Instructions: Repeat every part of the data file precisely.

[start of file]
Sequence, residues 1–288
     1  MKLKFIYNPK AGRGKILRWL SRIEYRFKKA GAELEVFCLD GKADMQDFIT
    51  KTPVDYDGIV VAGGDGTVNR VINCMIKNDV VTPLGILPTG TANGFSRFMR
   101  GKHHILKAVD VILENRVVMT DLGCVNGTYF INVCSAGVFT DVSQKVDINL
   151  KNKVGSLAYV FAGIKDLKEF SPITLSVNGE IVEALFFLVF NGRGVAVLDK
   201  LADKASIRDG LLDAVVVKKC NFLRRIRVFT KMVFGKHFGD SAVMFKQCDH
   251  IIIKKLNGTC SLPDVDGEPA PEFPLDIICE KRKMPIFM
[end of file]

Sequence, residues 1–288
     1  MKLKFIYNPK AGRGKILRWL SRIEYRFKKA GAELEVFCLD GKADMQDFIT
    51  KTPVDYDGIV VAGGDGTVNR VINCMIKNDV VTPLGILPTG TANGFSRFMR
   101  GKHHILKAVD VILENRVVMT DLGCVNGTYF INVCSAGVFT DVSQKVDINL
   151  KNKVGSLAYV FAGIKDLKEF SPITLSVNGE IVEALFFLVF NGRGVAVLDK
   201  LADKASIRDG LLDAVVVKKC NFLRRIRVFT KMVFGKHFGD SAVMFKQCDH
   251  IIIKKLNGTC SLPDVDGEPA PEFPLDIICE KRKMPIFM